News From Space: SpaceX Booster Explodes in Flight

spacex-falcon-9-octaweb-640x427Last week, during a test flight in McGregor Texas, a new space SpaceX Falcon 9 Reusable Development Vehicle 1 (F9R Dev 1) exploded in midair. This three-engine variant of the F9 is the latest in SpaceX’s arsenal of vertical takeoff, vertical landing (VTVL) rockets designed to allow for easy recovery and reuse. Previously, Grasshopper had only used a single Merlin rocket engine; but for this test, a three-engine version of the vehicle was being used.

The F9R Dev 1 is a second-generation test vehicle rocket based on the SpaceX Grasshopper. Built as part of SpaceX’s program to develop a fully reusable launcher system and spacecraft with all components capable of a powered landing, the F9R has lighter, retractable landing legs and is 50 percent longer than the Grasshopper. It made its first flight last April and is capable of flight operations up to 3,000 m (10,000 ft).

https://i0.wp.com/www.extremetech.com/wp-content/uploads/2014/08/exploding-spacex-rocket-grasshopper-f9r-640x357.jpgThis marks the first major failure for SpaceX’s commercial space launch program, and in a statement, SpaceX says the initiated its self-destruct sequence automatically after detecting an anomaly. Nearby residents saw the fireball and local television station KXXV caught the incident on video. From the footage (seen below), the new test rocket is seen going up, turning 90 degrees to horizontal, and then detonating with a rather neat fireball.

Mercifully, no one was harmed (including the local livestock). Following the incident, Elon Musk tweeted that the vehicle “auto-terminated,” but there were no injuries or near-injuries, and that “Rockets are tricky …” SpaceX also released the following statement saying:

Earlier today, in McGregor, Texas, SpaceX conducted a test flight of a three engine version of the F9R test vehicle (successor to Grasshopper). During the flight, an anomaly was detected in the vehicle and the flight termination system automatically terminated the mission.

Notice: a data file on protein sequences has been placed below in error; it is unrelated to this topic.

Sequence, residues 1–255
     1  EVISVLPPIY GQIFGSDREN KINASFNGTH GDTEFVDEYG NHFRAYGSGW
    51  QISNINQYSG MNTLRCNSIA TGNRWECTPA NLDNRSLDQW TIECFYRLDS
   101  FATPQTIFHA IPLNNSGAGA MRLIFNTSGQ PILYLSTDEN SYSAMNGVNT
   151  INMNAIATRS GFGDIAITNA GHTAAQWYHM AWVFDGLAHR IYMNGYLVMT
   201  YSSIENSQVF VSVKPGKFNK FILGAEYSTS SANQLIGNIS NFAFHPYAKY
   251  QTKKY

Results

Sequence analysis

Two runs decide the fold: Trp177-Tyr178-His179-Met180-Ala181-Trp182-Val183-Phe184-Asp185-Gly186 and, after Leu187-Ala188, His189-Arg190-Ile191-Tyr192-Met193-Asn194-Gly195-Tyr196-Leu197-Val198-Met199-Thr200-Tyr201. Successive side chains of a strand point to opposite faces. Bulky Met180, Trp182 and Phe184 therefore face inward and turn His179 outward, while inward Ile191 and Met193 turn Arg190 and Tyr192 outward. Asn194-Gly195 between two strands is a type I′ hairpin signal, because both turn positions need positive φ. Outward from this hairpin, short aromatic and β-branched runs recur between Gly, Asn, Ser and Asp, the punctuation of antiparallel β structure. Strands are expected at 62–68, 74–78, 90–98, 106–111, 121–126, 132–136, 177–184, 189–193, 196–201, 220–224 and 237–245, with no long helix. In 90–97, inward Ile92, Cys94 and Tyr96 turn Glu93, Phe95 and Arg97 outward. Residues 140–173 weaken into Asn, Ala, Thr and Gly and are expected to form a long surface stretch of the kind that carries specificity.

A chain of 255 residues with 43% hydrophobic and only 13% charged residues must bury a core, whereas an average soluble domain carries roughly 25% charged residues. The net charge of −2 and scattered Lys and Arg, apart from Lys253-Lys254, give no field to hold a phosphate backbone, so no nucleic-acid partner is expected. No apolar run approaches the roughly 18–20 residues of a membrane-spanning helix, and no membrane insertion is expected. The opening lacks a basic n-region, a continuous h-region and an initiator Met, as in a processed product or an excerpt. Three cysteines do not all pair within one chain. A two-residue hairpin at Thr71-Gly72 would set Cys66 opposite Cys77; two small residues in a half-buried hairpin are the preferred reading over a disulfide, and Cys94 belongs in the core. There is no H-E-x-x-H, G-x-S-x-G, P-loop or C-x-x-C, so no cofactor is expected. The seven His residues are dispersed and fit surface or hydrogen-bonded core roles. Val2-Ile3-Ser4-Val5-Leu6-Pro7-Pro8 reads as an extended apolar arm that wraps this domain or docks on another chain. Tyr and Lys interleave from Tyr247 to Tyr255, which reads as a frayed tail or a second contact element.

Throughout the test and subsequent flight termination, the vehicle remained in the designated flight area. There were no injuries or near injuries. An FAA representative was present at all times.

With research and development projects, detecting vehicle anomalies during the testing is the purpose of the program. Today’s test was particularly complex, pushing the limits of the vehicle further than any previous test. As is our practice, the company will be reviewing the flight record details to learn more about the performance of the vehicle prior to our next test.

SpaceX will provide another update when the flight data has been fully analyzed.

spacex-falcon-9-rocket-largeIn short, SpaceX was attempting something new and exciting and it didn’t quite go as planned. And although it cost them millions of dollars, rocket scientists know from experience that a controlled detonation in the air is far better than an uncontrolled one on the ground. Should a rocket lose control and crash into the Earth, it will detonate all of its unspent fuel and can cause extensive damage and loss of life.

At this point it’s impossible to say what kind of anomaly was experienced by the rocket, but SpaceX is poring over the gigabytes of flight telemetry data to try and find out what went wrong. In the meantime, space enthusiasts are hoping people will remember that mishaps are part of the development process, and that we’ve come very far since the early days of NASA and Project Mercury, where mistakes and deaths were far more common.

And if SpaceX wants to create the world’s first reusable space launch system, and crack the cheap, commercial space travel market wide open, there are going to be a few fireballs along the way. But as long as it’s just the test launches that explode, we should count our blessings. And in the meantime, be sure to check out the footage obtained by KXXV of the failed test flight:


Sources:
extremetech.com, gizmodo.com

Leave a Reply

Fill in your details below or click an icon to log in:

WordPress.com Logo

You are commenting using your WordPress.com account. Log Out / Change )

Twitter picture

You are commenting using your Twitter account. Log Out / Change )

Facebook photo

You are commenting using your Facebook account. Log Out / Change )

Google+ photo

You are commenting using your Google+ account. Log Out / Change )

Connecting to %s